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J Exp Med. 2004 Aug 16;200(4):507-17.

Basophils produce IL-4 and accumulate in tissues after infection with a Th2-inducing parasite.

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  • 1Laboratory of Immunology, National Institute of Allergy and Infectious Diseases, National Institutes of Health, 10 Center Dr., Bldg. 10, Bethesda, MD 20892, USA.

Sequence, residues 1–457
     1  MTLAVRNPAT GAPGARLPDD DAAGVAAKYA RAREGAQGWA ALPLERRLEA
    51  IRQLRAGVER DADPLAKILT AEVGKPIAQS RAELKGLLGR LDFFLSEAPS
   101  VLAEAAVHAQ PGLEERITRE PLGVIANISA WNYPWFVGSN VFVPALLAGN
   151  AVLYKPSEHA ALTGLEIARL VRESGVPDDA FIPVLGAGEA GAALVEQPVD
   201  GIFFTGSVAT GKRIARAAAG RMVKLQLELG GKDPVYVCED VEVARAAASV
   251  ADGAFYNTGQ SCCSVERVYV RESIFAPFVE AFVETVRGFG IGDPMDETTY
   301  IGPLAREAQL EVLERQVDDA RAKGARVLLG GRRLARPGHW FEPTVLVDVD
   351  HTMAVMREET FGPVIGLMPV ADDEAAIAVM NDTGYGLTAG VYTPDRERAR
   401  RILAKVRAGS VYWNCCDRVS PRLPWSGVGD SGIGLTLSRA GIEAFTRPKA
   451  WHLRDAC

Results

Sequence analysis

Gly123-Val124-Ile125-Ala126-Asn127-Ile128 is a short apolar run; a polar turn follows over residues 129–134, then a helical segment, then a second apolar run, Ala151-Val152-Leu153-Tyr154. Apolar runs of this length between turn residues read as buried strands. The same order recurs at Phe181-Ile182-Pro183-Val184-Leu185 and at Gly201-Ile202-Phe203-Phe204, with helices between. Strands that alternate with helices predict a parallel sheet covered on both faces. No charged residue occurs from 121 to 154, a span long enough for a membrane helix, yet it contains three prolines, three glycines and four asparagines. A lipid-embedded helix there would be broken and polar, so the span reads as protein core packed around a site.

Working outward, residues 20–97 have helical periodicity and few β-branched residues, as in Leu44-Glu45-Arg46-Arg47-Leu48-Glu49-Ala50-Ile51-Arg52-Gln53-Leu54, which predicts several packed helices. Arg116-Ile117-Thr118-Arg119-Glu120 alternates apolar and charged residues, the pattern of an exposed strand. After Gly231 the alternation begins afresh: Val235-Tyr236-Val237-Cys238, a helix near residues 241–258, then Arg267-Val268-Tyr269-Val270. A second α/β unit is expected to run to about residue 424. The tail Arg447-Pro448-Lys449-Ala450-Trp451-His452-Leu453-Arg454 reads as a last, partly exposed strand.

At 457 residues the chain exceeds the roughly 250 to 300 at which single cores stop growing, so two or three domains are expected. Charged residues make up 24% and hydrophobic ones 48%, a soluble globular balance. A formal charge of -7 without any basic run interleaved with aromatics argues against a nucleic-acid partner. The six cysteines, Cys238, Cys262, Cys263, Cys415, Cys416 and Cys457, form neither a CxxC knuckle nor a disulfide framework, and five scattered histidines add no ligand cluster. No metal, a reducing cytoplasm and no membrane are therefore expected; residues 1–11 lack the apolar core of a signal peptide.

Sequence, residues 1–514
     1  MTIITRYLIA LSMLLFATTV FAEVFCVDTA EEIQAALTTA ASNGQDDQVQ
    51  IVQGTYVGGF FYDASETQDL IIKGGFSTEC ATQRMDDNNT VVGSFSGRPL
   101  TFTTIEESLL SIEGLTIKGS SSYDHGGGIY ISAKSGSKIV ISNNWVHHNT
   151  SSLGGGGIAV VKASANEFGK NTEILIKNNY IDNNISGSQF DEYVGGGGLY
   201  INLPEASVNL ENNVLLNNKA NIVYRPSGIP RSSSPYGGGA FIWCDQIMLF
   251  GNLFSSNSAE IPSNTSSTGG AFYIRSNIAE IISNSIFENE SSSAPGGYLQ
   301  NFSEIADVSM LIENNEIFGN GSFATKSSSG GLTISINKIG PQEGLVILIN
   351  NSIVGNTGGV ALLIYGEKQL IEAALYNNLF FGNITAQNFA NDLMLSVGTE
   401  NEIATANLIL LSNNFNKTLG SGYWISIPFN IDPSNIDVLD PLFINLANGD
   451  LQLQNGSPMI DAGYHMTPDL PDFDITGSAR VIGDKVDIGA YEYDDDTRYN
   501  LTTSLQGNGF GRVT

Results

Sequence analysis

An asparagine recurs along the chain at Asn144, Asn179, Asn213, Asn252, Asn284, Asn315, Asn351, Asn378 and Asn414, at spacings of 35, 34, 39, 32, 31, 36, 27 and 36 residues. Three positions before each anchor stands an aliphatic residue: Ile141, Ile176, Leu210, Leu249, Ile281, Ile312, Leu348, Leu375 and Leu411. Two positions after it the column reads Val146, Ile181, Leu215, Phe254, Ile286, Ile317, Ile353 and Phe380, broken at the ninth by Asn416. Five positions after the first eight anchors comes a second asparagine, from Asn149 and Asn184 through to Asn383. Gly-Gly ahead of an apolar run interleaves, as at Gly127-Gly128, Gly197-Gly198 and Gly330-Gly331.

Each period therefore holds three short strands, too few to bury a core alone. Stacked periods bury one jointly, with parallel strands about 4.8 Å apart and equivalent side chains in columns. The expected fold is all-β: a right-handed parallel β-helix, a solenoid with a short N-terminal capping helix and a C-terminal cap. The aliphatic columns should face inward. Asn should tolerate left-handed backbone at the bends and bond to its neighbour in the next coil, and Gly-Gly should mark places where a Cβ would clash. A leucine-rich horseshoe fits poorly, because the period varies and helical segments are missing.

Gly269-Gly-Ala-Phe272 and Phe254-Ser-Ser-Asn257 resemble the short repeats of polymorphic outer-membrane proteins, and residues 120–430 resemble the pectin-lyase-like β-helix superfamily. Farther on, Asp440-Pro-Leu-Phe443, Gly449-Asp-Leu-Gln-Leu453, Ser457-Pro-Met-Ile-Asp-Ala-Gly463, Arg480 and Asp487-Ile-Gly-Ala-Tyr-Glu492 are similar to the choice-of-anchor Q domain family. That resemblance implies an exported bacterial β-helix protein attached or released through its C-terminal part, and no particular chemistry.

Using mice in which the eGfp gene replaced the first exon of the Il4 gene (G4 mice), we examined production of interleukin (IL)-4 during infection by the intestinal nematode Nippostrongylus brasiliensis (Nb). Nb infection induced green fluorescent protein (GFP)pos cells that were FcepsilonRIpos, CD49bbright, c-kitneg, and Gr1neg. These cells had lobulated nuclei and granules characteristic of basophils. They were found mainly in the liver and lung, to a lesser degree in the spleen, but not in the lymph nodes. Although some liver basophils from naive mice express GFP, Nb infection enhanced GFP expression and increased the number of tissue basophils. Similar basophil GFP expression was found in infected Stat6-/- mice. Basophils did not increase in number in infected Rag2-/- mice; Rag2-/- mice reconstituted with CD4 T cells allowed significant basophil accumulation, indicating that CD4 T cells can direct both tissue migration of basophils and enhanced IL-4 production. IL-4 production was immunoglobulin independent and only partially dependent on IL-3. Thus, infection with a parasite that induces a "Th2-type response" resulted in accumulation of tissue basophils, and these cells, stimulated by a non-FcR cross-linking mechanism, are a principal source of in vivo IL-4 production.

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